Frances Jane van Alstyne (née Crosby; March 24, 1820 – February 12, 1915), more commonly known as Fanny Crosby, was an American mission worker, poet, lyricist, and composer. A member of the Sixth Avenue Bible Baptist Church in Brooklyn, New York, she wrote many hymns together with her pastor, Robert Lowry. She was one of the most prolific hymnists in history, writing over 8,000 hymns and gospel songs, with over 100 million copies printed, despite being blind from shortly after birth. She is also known for her teaching, and her rescue mission work. By the end of the 19th century, she was "a household name".
Known as the "Queen of Gospel Song Writers", and as the "Mother of modern congregational singing in America", with most American hymnals containing her work, as "with the possible exception of Isaac Watts and Charles Wesley, Crosby has generally been represented by the largest number of hymns of any writer of the twentieth century in nonliturgical hymnals". Her gospel songs were "paradigmatic of all revival music", and Ira Sankey attributed the success of the Moody and Sankey evangelical campaigns largely to Crosby's hymns. Some of Crosby's best-known songs include "Pass Me Not, O Gentle Saviour", "Blessed Assurance", "Jesus Is Tenderly Calling You Home", "Praise Him, Praise Him", "Rescue the Perishing", and "To God Be the Glory". Because some publishers were hesitant to have so many hymns by one person in their hymnals, Crosby used nearly 200 different pseudonyms during her career.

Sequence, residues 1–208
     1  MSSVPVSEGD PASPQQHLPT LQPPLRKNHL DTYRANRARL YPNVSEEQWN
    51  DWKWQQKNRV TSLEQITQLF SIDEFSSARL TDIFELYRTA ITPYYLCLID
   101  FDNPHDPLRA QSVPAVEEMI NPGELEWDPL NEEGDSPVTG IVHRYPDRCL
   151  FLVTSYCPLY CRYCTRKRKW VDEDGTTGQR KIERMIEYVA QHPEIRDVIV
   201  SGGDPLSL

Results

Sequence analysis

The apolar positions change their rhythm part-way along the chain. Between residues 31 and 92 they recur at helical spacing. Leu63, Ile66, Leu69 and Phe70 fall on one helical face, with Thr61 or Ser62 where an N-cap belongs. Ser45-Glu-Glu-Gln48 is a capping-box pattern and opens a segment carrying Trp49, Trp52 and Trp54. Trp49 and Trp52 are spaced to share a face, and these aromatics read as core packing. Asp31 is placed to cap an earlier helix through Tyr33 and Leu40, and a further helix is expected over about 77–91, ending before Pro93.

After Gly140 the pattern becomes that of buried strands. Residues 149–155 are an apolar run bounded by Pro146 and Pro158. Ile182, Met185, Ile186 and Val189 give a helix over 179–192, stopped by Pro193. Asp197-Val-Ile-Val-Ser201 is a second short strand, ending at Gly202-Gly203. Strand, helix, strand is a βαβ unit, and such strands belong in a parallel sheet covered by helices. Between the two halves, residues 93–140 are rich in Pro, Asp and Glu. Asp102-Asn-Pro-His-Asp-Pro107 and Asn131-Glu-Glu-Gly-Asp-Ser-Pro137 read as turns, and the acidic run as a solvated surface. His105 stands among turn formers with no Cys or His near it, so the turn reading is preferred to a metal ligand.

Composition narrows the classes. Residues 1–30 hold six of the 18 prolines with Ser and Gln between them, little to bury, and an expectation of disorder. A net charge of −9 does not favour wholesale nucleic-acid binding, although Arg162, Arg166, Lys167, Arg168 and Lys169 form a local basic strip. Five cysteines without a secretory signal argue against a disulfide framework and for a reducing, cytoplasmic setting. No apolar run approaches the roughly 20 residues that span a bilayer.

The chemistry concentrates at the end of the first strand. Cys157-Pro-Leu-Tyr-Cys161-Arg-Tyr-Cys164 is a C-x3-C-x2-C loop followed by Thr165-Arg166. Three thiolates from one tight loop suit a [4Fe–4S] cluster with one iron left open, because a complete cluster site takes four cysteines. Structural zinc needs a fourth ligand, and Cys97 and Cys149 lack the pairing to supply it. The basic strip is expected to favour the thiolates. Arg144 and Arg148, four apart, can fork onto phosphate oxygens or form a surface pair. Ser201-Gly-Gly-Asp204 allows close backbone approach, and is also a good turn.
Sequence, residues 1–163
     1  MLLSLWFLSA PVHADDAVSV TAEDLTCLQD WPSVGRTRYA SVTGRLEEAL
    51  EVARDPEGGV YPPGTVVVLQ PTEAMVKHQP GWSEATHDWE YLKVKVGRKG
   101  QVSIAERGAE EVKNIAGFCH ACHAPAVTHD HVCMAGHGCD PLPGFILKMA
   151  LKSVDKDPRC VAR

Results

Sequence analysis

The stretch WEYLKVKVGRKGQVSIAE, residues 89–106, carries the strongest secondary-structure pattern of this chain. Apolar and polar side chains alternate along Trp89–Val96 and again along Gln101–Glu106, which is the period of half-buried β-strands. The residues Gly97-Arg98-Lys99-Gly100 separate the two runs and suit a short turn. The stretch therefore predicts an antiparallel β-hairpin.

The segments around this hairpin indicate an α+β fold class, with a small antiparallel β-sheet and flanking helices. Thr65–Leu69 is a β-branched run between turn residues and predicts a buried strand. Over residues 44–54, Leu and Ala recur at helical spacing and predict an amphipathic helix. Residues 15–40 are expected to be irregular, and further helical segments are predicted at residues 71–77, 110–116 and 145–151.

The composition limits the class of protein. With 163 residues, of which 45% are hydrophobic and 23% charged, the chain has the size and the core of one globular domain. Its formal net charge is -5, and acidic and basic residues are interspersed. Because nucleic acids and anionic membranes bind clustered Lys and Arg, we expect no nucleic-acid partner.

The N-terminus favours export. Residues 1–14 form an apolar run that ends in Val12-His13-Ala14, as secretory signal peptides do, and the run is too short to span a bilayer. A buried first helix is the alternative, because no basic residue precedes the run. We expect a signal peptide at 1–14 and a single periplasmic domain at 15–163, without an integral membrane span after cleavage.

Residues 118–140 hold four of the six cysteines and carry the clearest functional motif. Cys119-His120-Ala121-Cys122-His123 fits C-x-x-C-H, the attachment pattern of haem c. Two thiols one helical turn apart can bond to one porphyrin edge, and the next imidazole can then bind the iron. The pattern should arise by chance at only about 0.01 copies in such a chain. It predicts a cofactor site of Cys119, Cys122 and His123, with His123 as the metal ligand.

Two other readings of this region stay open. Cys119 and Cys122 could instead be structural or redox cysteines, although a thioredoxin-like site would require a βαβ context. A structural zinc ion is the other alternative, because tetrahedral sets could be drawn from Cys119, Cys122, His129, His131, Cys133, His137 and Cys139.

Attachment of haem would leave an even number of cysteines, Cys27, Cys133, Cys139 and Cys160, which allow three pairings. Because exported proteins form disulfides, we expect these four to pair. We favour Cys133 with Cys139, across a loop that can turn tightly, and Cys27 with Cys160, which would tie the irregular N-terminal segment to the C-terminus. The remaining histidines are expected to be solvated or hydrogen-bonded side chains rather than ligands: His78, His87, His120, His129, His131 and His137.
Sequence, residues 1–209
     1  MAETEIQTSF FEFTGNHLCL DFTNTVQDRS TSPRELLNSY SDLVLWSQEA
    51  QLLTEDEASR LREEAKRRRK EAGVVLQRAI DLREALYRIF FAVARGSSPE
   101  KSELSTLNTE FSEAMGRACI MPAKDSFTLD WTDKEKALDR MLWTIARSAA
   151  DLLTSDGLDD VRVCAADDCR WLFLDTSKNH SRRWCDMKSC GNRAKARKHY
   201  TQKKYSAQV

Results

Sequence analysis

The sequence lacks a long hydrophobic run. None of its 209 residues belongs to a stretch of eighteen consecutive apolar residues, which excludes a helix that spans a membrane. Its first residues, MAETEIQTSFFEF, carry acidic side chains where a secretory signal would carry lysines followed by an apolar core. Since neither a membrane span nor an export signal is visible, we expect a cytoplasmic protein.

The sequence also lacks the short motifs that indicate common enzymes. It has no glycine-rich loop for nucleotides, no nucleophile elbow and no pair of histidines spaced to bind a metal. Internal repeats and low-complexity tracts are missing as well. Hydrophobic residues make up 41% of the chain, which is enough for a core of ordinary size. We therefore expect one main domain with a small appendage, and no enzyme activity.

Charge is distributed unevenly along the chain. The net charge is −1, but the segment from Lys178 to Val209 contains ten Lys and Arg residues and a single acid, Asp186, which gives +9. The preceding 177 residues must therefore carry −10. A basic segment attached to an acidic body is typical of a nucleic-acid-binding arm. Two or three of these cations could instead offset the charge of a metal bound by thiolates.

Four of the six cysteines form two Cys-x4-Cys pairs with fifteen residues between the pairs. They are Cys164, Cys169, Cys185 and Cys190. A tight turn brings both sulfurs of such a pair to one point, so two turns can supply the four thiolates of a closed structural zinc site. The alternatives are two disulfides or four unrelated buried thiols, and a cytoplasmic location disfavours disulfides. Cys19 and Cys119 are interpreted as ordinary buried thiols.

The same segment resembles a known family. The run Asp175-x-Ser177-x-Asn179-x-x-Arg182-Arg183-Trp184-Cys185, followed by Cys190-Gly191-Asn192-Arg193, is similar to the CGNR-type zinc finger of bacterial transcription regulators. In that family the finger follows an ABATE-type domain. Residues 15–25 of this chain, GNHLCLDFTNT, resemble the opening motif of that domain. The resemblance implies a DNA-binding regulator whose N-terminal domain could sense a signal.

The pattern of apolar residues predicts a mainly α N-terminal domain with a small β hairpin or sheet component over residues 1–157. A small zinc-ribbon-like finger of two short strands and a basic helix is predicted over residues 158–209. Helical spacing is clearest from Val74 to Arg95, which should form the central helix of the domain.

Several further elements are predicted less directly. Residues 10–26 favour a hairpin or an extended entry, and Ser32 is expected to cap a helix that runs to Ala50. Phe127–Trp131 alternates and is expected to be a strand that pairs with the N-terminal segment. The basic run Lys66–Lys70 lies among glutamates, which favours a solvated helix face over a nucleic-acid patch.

Crosby wrote over 1,000 secular poems, and had four books of poetry published, as well as two best-selling autobiographies. Additionally, she co-wrote popular secular songs, as well as political and patriotic songs, and at least five cantatas on biblical and patriotic themes, including The Flower Queen, the first secular cantata by an American composer. Crosby was committed to Christian rescue missions, and was known for her public speaking.